His involvement with AzHPE has given him the opportunity to present workshops at the state convention on implementing technology for assessment in physical education. He recently volunteered to serve on the association board.

Picha said he went into education as a career because he wanted to make a difference in the world. Education fulfills that need, he said, but he does believe so much high-stakes testing across the country is interfering with actual learning time.

His move to Maricopa from St. Cloud, Minnesota, was precipitated by cold weather. “I’ve chosen to remain in Maricopa because it has a welcoming feeling to it and I greatly enjoyed my first year of teaching physical education at Pima Butte,” he said.

He is following advice from a former teacher who suggested he start his master’s program before becoming heavily involved in coaching while teaching. He said that turned out to be great advice for his time management.

He has also benefited from St. Cloud State University professors stressing the importance of developing a strong professional learning network.  “As a result, I’ve attended a number of state and regional conferences and workshops and connected with countless like-minded educators throughout the world via social media,” he said.

PHOTO Derek Picha teaches physical education at Pima Butte Elementary School and is pursuing a master’s degree. Photo by Raquel Hendrickson
Derek Picha teaches physical education at Pima Butte Elementary School and is pursuing a master’s degree. Photo by Raquel Hendrickson

Derek Picha
Title: Physical Education Teacher
School: Pima Butte Elementary School
Hometown: Mora, Minnesota
Residence: Desert Passage
Education: Bachelor of Science in Health & Physical Education obtained in May 2013 from St. Cloud State University in St. Cloud, Minnesota.  Currently pursuing an M.Ed in Physical Education from the University of Arkansas and plan to complete the program by the end of the 2017-18 school year.
Family: Duane Picha (father) and Kristie Picha (sister), both of whom reside in Minnesota.
Teaching positions held: I had one previous position as a part-time health education teacher serving students in grades 7-12 at an alternative school in St. Cloud.
Years in Education: 3
First job out of college: Part-time health education teacher at McKinley Alternative Learning Center in the St. Cloud Area School District.
Hobbies: Exercising, attending sporting events, watching movies
First year with current school: 2014-15
Favorite subject when you were in elementary school? Physical education
What have your students taught you? My students have taught me that a lot can be accomplished in a very short amount of time with the right amount of hard work and determination. This has become clear to me in my brief experience coaching sixth grade sports so far. With short playing seasons in basketball and soccer these kids amaze me with how much they improve from the start of the season to its conclusion.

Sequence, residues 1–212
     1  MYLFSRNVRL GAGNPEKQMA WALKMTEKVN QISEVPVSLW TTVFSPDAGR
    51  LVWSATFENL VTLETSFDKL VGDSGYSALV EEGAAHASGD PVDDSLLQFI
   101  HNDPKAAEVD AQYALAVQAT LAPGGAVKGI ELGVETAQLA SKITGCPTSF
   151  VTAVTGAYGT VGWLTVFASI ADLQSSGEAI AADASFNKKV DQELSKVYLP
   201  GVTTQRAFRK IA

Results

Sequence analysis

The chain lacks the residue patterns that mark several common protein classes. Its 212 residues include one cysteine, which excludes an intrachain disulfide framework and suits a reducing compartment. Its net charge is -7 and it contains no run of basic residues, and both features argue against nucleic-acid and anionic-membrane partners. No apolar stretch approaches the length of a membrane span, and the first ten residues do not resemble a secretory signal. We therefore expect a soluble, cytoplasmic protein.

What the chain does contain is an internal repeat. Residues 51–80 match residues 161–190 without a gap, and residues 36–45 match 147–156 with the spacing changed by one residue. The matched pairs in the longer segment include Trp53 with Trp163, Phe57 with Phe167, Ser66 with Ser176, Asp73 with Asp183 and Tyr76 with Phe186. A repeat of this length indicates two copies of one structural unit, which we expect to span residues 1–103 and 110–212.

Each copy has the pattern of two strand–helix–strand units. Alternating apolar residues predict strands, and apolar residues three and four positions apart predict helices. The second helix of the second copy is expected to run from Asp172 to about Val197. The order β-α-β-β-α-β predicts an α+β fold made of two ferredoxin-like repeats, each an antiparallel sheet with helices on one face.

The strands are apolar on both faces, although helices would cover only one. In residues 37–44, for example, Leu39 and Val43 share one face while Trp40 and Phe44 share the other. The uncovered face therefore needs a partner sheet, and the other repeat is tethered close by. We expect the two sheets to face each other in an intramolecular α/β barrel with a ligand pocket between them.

This story appeared in the December issue of InMaricopa News.

Students work on 3D printing in Best Buy's Geek Squad Academy at Sequoia Pathway. Photo by Raquel Hendrickson

They made music and films, programmed robots, assembled circuits and learned 3D printing. Approximately 150 students participated in Best Buy’s Geek Squad Academy Wednesday and Thursday at Sequoia Pathway Academy.

Geek Squad Academy provides access to technology for under-served youth at a local level.

https://youtu.be/c_4dHEVYQoc

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“Boys and girls who normally wouldn’t have access to technology are given a chance through these camps,” said Dan Dolar, a director of the event at Sequoia Pathway.

The overall purpose of the academy is to prepare students for the future.

“There are jobs now that won’t exist by the time they get to the job market, and likewise there are jobs that don’t exist now that, by the time they do get to the job market, there will be some opportunity there,” Dolar said.

The camp is co-sponsored by Sequoia Schools, Edkey Inc. A large number of those participating this week were girls.

“Basically, Geek Squad started because we noticed there was a gap between girls and technology,” Dolar said.

The first camp started in 2007 at an all-girls school. Geek Squad later expanded to students with a socio-economic disadvantage, including homeless children. Recently it was specifically tailored for Sequoia School for the Deaf and Hard of Hearing.

“If they didn’t like it before, give them a sample, and maybe they like it. If they are into it now and they do like it, maybe we can push them to be more studious,” Dolar said.

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The start of the school year was signified by an item representing each school during the MUSD Governing Board meeting Wednesday night. Photo by Adam Wolfe

By Adam Wolfe

A record-high 6,283 students are enrolled in the Maricopa Unified School District to start the year, and that number is expected to grow by October.

The enrollment for the district has consistently grown each year since 2010. The 2014-15 school year was the largest student population at 6,275 before this year began. Typically, more students enroll by the final student population count in October, so the district is expecting enrollment to climb during the semester.

“We think we’ll exceed our projection (6,381), but it’ll be interesting to see where we end up,” MUSD superintendent Steve Chestnut said. “We are actually already over last year’s Oct. 1 date, and I expect that number to go higher. It’s an all-time high enrollment, and it’s always exciting when you break a record.”